Video by Science Friday

Produced: Luke Groskin

A project to compose music from everyday life is a joyful jolt of pure creativity

The Serbian multimedia artist Miloš Tomić began his Musical Diaries project by seeking out music in everyday life as a form of ‘therapy’ a few years ago. In doing so, he found small sonic surprises everywhere he travelled – objects transformed into improvised instruments and passersby became part of a grand orchestra. Eventually, the idea snowballed into a series of musical video collages – filmed by Tomić and pieced together with the help of some musician friends – that craft audiovisual compositions from his improvisations and discoveries. One such collage, Annual Music Report, mines melodies from sounds found in and around his Belgrade home. The resulting montage, featuring notable contributions from a singer on the Danube river and Tomić’s son Dren, is a singular jolt of joyful creativity, certain to inspire a toe tap and a smile.

Director: Miloš Tomić

When a decomposing, century-old film becomes a haunting meditation on memory

Created using a decomposing 35mm print of the crime drama The Bells (1926), the experimental short Light Is Calling (2004) depicts a dreamy encounter between a soldier and a mysterious woman. With images that reveal themselves only to distort and disappear into the decaying amber-tinted nitrate, the New York-based filmmaker Bill Morrison – known for his use of found materials – invites viewers to meditate on the fleeting nature of all things physical and emotional, while a minimalistic violin score suffuses the century-old images with a wistful, haunting beauty.

Director: Bill Morrison

Composer: Michael Gordon

How Westerns captured the American psyche and eventually bit the dust

A staple of American cinema since the release of the silent film The Great Train Robbery in 1903, the Western arguably became its defining genre with the release of Stagecoach in 1939 – the first of nine Western collaborations between the iconic duo of director John Ford and actor John Wayne. For the next several decades, Westerns evolved with the times, embracing an American mythos of freedom and opportunity before filmmakers such as Sergio Leone began using the language of the genre to reflect the more cynical mood of the Vietnam era. Part of a film-analysis series from the Museum of Modern Art (MoMA) in New York, this video essay by the US film critic Dave Kehr discusses how the Western helped to define the language of American film until modern filmmakers began adopting Western signifiers for shorthand, self-reference and parody, leaving the genre itself more or less in the dust.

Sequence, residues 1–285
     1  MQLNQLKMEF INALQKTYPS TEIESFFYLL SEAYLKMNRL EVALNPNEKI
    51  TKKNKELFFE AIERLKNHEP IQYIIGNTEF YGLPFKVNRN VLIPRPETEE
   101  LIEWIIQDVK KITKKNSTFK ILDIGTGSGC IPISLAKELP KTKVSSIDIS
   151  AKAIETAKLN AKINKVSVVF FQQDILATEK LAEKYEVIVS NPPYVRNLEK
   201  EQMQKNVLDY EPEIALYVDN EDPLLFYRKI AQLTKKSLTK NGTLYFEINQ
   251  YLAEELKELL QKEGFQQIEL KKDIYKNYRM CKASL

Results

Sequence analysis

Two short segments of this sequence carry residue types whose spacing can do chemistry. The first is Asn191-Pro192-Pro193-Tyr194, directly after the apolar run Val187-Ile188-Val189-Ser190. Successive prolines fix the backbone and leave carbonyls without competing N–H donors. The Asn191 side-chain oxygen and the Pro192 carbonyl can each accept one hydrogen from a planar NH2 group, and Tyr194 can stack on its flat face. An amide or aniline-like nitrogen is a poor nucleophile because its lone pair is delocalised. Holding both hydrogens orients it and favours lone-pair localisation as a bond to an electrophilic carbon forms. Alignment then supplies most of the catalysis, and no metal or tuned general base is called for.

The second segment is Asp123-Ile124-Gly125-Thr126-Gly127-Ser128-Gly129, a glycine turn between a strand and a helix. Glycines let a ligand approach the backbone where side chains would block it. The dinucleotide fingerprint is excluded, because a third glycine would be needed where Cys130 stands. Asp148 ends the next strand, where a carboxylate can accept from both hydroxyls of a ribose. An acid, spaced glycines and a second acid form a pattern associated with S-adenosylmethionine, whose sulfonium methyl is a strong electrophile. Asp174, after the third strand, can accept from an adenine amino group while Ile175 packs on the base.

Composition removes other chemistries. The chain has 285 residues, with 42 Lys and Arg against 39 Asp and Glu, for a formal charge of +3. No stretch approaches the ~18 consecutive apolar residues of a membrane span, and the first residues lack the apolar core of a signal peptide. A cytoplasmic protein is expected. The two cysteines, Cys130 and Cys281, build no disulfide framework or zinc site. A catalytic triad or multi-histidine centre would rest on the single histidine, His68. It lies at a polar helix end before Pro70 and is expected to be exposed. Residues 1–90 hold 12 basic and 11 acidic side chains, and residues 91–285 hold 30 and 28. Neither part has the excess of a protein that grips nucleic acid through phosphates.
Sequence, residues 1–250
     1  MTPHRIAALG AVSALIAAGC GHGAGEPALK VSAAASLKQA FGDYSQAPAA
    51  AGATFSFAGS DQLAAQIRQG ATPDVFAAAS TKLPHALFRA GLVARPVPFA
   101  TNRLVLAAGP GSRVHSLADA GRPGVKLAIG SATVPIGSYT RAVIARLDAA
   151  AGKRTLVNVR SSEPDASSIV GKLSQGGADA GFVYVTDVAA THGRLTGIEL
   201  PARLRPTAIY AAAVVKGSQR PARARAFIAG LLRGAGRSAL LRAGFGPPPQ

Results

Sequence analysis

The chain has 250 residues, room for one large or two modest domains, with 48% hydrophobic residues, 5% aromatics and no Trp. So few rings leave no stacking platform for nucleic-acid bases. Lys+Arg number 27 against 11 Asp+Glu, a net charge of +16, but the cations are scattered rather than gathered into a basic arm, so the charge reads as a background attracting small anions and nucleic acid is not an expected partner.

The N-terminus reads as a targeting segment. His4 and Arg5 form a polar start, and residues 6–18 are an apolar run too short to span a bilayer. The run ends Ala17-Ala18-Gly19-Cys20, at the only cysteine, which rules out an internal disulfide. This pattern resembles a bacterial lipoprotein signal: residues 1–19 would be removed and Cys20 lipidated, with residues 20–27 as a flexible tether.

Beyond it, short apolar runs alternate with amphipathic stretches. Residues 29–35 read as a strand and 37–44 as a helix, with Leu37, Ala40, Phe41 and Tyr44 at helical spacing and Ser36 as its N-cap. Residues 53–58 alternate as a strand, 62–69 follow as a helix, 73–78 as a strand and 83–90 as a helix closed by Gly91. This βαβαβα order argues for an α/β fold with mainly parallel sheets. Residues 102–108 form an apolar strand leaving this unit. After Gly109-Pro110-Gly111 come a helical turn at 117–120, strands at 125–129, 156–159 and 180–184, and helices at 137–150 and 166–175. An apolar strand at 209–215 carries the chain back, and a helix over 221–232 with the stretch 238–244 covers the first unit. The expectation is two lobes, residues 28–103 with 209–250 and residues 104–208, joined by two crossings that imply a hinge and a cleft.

Commentary: Dave Kehr

Website: The Museum of Modern Art

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The Inquisition Scene (1808-1812), by Francisco Goya. Courtesy the Royal Academy of Fine Arts of San Fernando, Madrid

Essay/
Virtues and vices
Vice dressed as virtue

Cruelty and morality seem like polar opposites – until they join forces. Beware those who persecute in the name of principle

Paul Russell

From Piers Plowman (1427) by William Langdon. Bodleian Library MS. Douce 104. Courtesy the Bodleian Library, Oxford

Essay/
Language and linguistics
On gibberish

Babies babble, medieval rustics sing ‘trolly-lolly’, and jazz exults in bebop. What does all this wordplay mean for language?

Jenni Nuttall